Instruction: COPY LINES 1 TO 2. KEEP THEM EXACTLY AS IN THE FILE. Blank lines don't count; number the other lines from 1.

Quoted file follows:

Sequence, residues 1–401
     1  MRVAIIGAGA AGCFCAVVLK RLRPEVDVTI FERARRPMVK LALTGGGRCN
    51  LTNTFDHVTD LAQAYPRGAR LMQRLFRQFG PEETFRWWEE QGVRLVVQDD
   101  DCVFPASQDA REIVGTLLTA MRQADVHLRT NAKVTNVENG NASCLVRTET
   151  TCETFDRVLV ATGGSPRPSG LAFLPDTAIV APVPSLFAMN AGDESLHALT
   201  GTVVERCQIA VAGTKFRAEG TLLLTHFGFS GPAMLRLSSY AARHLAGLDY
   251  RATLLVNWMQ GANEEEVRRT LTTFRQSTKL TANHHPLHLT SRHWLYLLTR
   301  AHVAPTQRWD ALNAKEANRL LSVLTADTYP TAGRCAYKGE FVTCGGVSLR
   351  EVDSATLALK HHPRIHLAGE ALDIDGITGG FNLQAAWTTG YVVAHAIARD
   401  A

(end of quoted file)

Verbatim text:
Sequence, residues 1–401
     1  MRVAIIGAGA AGCFCAVVLK RLRPEVDVTI FERARRPMVK LALTGGGRCN